I think I've spent so much time trying to explain why writing is particularly hard for music/jazz/performance students that I forgot that all students can relate to the fact that writing can be challenging for everyone in all degrees, particularly those in the majority which do not focus on writing as an object of study. Next time I'm talking to an interdisciplinary audience, I have to remember to put that fact front and centre. I know that I, as a BA graduate with a barely controlled addiction to reading, struggle to write well, to find the best structure and to string together the best words, juggling humility with assertiveness, and the words and opinions of others with my own. I've realised that basically the underlying assumption and message of my research is: write well and people will believe (almost) anything. I don't mean that it's all scheme and spin, but it's easier to adopt someone's ideas when they've written not just clearly but convincingly. And students will be more successful - at university and in the workforce - if they can write well.
3. Our individual research is merely one link in a chain
Listening to health science students talk about the restricted nature of their research - how they are examining one small application within a strictly controlled setting - and hearing them asked about the final public application of their research - which they may not have any part, let alone say, in - reminded me how all our research is one link in a chain. Personally my ultimate aim is to be able to say something useful for future music students about how to write about music. One line in my presentation is, "we need to explore the different ways of writing at university, first analytically, which is what I'm doing, and then pedagogically." Maybe it's not for me to apply my research to a pedagogical setting; afterall I am neither teacher nor musician. But what I do provides resources and information and structure for what other researchers, linguists, musicians, music educators and pedagogues might do later. If that isn't too hubristic to say.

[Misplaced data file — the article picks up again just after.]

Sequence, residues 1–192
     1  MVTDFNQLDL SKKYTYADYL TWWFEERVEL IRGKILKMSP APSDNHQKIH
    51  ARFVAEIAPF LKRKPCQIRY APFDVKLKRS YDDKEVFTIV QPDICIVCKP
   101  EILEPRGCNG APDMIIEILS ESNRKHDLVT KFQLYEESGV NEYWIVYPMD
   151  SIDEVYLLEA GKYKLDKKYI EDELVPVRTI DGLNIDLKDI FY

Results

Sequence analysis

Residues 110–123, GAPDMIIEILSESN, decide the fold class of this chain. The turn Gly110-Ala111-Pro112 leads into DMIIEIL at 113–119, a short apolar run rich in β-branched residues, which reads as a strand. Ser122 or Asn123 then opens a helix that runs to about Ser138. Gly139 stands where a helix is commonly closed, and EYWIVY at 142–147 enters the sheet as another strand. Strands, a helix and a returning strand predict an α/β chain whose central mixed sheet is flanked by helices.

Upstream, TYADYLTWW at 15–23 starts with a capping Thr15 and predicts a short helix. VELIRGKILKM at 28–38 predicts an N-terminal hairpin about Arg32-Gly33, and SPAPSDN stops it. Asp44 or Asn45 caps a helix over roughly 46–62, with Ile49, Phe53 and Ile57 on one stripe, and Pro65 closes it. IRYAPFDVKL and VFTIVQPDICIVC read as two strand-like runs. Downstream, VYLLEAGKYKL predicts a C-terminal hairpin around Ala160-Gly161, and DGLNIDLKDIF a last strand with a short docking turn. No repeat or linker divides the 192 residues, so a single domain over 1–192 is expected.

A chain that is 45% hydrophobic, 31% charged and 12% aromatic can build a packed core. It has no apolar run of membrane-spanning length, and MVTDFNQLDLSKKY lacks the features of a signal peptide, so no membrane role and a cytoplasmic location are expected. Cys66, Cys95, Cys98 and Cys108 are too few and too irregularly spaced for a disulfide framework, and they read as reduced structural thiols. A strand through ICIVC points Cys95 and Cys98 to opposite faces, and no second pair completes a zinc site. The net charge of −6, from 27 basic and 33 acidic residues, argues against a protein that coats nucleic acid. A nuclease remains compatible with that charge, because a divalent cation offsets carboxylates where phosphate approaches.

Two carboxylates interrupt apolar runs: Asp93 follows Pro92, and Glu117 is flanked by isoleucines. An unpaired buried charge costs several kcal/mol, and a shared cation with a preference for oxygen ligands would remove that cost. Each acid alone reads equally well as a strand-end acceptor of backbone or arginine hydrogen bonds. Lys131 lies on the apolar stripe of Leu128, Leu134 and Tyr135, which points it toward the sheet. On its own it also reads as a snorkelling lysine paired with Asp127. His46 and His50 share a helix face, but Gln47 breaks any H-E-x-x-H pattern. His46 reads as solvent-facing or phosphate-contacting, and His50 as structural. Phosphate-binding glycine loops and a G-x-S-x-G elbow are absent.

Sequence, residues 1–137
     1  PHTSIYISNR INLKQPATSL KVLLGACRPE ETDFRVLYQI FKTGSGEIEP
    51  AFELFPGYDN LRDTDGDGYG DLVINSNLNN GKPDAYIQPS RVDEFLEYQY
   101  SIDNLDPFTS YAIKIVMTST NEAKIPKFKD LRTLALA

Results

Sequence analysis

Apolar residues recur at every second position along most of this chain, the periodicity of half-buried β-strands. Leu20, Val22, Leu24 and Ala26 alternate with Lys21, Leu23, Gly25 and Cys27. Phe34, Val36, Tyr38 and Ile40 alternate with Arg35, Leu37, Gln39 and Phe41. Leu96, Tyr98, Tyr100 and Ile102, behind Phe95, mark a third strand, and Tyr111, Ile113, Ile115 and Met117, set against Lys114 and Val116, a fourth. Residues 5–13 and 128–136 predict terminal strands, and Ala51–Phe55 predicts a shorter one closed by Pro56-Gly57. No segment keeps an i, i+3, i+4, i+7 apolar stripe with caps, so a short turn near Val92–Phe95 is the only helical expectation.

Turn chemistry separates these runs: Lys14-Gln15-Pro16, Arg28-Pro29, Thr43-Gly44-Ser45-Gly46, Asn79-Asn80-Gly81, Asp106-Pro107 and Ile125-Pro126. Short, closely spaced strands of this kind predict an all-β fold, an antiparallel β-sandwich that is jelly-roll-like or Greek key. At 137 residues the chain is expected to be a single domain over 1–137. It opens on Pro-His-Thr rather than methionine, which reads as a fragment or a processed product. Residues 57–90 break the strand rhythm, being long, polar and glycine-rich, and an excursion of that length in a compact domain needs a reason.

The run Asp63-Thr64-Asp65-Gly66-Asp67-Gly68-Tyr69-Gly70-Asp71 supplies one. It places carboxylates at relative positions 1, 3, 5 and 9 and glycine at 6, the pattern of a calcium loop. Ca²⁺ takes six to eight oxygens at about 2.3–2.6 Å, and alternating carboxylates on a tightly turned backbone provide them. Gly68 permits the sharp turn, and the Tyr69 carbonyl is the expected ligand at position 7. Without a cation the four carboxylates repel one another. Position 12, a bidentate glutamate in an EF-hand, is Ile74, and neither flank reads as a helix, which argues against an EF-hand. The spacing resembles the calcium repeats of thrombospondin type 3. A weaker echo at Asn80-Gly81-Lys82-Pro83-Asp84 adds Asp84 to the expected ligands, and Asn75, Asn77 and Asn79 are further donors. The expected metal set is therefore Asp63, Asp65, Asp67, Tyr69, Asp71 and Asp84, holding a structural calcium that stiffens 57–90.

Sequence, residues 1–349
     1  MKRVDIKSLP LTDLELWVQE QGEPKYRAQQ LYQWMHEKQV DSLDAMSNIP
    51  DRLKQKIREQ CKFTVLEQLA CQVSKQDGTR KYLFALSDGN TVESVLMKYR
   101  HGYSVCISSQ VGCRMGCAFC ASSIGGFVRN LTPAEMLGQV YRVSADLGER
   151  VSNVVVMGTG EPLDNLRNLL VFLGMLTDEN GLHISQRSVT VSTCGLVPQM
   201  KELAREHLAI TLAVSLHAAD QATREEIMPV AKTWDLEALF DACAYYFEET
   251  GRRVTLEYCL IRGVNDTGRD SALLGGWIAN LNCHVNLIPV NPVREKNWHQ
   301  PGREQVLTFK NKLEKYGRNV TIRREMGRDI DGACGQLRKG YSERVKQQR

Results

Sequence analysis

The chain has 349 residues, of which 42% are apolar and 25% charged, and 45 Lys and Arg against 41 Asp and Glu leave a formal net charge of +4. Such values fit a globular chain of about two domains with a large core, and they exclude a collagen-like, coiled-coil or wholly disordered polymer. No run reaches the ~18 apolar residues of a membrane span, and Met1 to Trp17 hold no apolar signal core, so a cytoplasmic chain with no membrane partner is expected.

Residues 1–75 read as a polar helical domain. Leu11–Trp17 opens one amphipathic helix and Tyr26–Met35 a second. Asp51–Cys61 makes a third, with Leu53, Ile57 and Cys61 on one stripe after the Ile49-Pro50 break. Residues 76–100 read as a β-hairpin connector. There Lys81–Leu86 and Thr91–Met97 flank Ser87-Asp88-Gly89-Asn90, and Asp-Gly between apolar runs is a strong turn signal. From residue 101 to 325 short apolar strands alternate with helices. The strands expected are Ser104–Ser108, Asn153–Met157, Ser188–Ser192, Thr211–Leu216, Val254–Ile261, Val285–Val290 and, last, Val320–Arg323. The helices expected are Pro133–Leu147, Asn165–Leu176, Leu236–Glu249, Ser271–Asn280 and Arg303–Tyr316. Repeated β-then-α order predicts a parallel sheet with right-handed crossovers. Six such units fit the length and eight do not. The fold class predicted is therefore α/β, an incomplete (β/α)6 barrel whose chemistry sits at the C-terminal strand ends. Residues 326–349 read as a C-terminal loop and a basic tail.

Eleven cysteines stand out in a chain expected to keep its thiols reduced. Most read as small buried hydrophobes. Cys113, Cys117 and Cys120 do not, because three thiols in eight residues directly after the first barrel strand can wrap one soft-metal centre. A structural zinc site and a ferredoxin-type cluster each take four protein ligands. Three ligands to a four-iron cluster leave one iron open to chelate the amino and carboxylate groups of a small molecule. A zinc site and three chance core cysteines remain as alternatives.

4. Science as legitimation
One thing that this competition has reminded me is that science, in one form or another, is everywhere at university. Before the competition I didn't actually know the names of all the faculties. For the record they are: Sciences; Health Sciences; Engineering Computer and Mathematical Sciences; Humanities and Social Sciences; and Professions. Four out of five have "science" in their name although I won't go into the significance of pluralising. There was mention at one point, most probably unconsciously, of there being no "scientific" jargon allowed in our presentations. I immediately bristled and whispered to my (science faculty) neighbour that that meant linguistic jargon was acceptable - I could've thrown in "heteroglossia" and "nominalisation" and "ergative case" without violating the rules. Nevertheless we realise that while science is everywhere, university research involves more than science, and that is also valid.
I know the people organising the competitions are trying their hardest to encourage more competitors. I know for many grad students it's easy to say "I don't have time" and "it's not important". But at the end of the day I would encourage people to go in the competition. Being able to step back from being nose deep in my topic and remember why my research is relevant to its context and why it is interesting for anybody is good for my perspective, not to mention my self-esteem! And as one competitor pointed out last year, it helps you figure out what to say at a dinner party when someone says "So what do you do?" without making them glaze over at the word "linguistics".
*I will update this story with links as they become available.